Thank you for sharing your thoughts on Miss USA! You’ve said what I’ve wanted to but couldn’t find the words…it’s not the fact that these women are deemed more “hot” or “sexy” than me (and almost all other women) that makes Miss USA pageants annoying. It’s the fact that ANY woman could be deemed the most attractive by being given a crown. We should be celebrating all women for their own unique attributes–even those attributes not usually seen by society as “worthy.” (I am with you on the strong thighs…I, too, have strong, short legs that would never get me into a beauty pageant.) Contests like Miss USA perpetuate the idea that women can be judged against each other just because of how they look, and that if they don’t meet some sort of standard, they are less worthy of society’s time and attention. Men are never judged against each other based on their looks in a serious way, but women are still subject to this kind of judgement even beyond beauty pageants: in the workplace, when they walk down the street and even in middle school. This is a long-winded way of me saying this: if women lift each other up instead of being jealous of what other women look like, the world would be a happier place.
Thanks a lot for your comment, Elise. I must admit, I wrote that post in a hurry last night, just trying to get my thoughts out. I saw this morning how sloppy it was so it has since been proofed and edited a bit, hope you enjoy the revision!
Dave showed me the Miss Utah clip ( we’re from Utah) the other night; and while the whole pageantry issue appalls me, I was disgusted she couldn’t come up w one intelligent response. Come on, here’s your girl power moment. Female equality – really? Nothing? You’ve not rehearsed this type of question? But your points, Faith, remind me: why would these ladies, participating in an exploitative, superficial show of female comparison, be concerned w real issues like male-female equality? Ugh. I love that you wrote about this. I think we will forever struggle not to compare, and “fight” other women for the coveted “top ranking” – due to social influence – but I too have learned this is the only way I come to terms w and appreciate my own beauty and strengths. It’s useless to compare. I’m striving to simply be inspired by strong, beautiful women, like yourself. More useful, and I’m happier.
Allie, yes I find it really ridiculous that they bother with the token “deep” question when it’s really just a beauty pageant.
You provided another wonderful experience of being a parent to such beautiful, bright, thoughtful, self aware, progressive daughters.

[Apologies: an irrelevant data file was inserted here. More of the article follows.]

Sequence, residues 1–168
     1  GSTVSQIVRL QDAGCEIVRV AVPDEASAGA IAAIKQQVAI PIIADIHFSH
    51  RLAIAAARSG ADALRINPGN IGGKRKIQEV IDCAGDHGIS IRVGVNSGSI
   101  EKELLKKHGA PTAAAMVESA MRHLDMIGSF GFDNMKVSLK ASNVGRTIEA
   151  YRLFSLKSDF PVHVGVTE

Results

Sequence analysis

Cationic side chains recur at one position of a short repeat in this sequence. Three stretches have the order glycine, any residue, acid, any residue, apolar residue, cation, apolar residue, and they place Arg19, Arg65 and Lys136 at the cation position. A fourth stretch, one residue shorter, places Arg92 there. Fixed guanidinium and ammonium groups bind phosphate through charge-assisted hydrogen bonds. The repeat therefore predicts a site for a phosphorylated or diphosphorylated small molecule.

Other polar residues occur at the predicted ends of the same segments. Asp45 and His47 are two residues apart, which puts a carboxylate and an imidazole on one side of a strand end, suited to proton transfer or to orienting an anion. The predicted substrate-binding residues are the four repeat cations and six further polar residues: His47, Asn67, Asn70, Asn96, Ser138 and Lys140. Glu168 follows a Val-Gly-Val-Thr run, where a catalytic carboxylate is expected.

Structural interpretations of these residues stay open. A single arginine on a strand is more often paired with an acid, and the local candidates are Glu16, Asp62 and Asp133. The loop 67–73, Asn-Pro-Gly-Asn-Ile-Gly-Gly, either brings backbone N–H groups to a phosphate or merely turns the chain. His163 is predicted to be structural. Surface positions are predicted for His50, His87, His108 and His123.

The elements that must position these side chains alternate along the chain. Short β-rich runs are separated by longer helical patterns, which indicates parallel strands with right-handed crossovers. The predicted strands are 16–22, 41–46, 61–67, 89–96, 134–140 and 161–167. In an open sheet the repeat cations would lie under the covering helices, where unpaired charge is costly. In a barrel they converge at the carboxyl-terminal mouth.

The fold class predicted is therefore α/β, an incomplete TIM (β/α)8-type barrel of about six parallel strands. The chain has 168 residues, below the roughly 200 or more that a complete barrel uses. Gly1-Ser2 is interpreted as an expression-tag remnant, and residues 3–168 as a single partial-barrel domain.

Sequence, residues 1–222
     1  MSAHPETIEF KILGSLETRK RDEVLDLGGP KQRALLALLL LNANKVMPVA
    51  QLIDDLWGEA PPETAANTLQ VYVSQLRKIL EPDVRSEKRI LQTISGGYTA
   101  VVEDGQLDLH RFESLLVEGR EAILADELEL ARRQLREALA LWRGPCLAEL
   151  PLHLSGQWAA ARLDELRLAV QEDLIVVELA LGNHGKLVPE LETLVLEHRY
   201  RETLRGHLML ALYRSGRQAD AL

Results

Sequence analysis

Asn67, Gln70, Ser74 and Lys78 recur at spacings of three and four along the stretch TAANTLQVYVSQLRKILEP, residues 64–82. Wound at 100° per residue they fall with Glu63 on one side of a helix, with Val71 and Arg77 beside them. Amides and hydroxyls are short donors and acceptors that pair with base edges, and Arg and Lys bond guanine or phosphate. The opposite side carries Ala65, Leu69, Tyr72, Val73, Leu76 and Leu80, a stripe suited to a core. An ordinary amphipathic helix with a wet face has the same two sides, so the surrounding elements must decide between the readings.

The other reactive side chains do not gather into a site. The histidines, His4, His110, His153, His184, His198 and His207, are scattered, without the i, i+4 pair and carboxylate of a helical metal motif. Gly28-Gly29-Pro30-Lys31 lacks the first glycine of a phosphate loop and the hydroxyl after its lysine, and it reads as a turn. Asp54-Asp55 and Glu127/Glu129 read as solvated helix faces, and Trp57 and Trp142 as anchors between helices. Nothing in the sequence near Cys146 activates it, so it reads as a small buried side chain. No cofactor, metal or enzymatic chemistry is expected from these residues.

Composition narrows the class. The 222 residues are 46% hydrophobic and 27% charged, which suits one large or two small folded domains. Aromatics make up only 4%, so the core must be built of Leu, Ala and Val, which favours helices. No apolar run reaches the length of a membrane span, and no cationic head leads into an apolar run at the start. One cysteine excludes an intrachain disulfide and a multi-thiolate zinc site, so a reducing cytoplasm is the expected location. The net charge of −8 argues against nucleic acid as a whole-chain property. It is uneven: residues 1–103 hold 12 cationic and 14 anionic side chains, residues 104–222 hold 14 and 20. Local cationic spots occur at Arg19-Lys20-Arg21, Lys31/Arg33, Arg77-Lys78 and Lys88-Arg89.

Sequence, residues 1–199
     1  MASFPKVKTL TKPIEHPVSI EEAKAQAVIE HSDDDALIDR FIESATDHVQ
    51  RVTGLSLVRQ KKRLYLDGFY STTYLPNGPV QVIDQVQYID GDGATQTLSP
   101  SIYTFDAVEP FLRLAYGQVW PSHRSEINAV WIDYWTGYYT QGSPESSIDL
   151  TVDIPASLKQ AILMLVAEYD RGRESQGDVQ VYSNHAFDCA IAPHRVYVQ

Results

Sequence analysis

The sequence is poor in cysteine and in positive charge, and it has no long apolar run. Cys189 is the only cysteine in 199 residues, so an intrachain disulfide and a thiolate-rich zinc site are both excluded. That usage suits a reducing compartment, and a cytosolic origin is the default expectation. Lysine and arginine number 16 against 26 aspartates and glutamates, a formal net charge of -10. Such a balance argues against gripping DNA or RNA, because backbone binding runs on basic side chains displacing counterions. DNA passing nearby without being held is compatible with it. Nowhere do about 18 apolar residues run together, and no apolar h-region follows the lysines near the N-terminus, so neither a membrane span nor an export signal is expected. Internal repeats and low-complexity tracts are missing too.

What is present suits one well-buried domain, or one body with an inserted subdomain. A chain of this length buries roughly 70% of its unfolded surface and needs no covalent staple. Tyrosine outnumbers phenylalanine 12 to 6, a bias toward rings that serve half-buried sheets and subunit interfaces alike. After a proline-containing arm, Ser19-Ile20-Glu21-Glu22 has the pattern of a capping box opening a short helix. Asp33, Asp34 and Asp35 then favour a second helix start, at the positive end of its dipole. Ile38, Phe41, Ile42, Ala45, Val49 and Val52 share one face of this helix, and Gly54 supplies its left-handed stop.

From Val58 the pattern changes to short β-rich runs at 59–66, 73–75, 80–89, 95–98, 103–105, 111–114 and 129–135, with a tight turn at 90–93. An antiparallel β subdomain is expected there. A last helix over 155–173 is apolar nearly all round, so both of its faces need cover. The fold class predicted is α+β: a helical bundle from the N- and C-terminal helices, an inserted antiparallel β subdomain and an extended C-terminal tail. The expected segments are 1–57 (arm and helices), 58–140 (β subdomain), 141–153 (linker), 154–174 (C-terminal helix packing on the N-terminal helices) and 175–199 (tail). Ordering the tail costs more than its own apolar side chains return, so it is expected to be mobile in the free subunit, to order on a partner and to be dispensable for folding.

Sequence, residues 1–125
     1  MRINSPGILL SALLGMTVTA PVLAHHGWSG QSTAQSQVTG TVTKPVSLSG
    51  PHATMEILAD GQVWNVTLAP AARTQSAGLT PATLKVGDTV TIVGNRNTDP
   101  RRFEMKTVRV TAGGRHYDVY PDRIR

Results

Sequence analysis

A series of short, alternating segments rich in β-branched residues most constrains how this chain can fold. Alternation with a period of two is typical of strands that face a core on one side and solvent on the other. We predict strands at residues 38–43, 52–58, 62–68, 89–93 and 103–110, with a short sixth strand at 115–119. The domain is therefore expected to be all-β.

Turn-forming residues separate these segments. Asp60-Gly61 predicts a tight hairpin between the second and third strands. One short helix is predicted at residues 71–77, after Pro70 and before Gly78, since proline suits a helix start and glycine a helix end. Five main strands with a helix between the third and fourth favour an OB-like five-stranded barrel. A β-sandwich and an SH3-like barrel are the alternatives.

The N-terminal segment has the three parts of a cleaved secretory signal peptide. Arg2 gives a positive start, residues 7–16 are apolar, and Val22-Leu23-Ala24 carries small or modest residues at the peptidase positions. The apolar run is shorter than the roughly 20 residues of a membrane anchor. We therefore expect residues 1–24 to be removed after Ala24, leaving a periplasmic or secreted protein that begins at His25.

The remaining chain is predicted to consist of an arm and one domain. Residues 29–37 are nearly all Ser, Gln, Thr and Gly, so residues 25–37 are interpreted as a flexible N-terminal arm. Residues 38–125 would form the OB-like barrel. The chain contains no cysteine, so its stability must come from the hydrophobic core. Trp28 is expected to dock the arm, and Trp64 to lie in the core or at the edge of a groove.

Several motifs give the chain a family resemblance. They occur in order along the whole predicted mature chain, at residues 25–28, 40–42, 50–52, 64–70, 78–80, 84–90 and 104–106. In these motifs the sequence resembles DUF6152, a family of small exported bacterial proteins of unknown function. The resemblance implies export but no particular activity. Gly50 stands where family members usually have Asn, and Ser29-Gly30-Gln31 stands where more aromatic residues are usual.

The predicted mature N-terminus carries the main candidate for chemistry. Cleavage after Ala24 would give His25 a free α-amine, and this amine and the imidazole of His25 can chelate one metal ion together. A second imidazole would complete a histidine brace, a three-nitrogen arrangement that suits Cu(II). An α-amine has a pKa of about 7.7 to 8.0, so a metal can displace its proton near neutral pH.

I’m not a fan of beauty contests or any contests for that matter. She is very young and seemed to be very nervous. Even at my advanced age I come out with some pretty dumb sounding things.
She definitely seemed nervous and knew she was bombing when she let out that laugh. It’s the equivalent of tripping in the bikini portion except for the irony and implications go so much deeper.
It really is depressing to watch. I sometimes think when I see something like this or see certain reality show figures (ahem-Kim kardashian) what would happen if you were totally stripped of your looks or sex appeal for some reason or another? Like, for instance, you age! God knows we don’t value older women in our culture. Or even a sudden change in physical appearance. What would they have (all of us actually) to fall back on? Just a reminder-you are not your body.
Thanks for the reminder!
Mia (Savor Everyday)
Great write-up, Faith. This issue is so deeply ingrained but we do need to question it, challenge it, reverse it.
The adult beauty pageants are bad enough, but what’s even more appalling to me are the pageants for children. Children who should be growing up exploring, playing, making friends, experimenting, learning, problem solving, etc who instead get subjected to this skewed idea of self-worth. So sad.
Mia (Savor Everyday)
PS: I love what your “papa” said in his comment… 🙂
Me too, sweet feminist man he is. 🙂
“The amount of beautiful people in this world need not be finite!”. This brought a smile to my face and my heart. It’s something that we all forget I think, when bombarded with people in the media we are supposed to look like, dress like, be. I have always felt that imperfections were the most beautiful traits possible, but have lost that a bit over the years. Thank you for the reminder!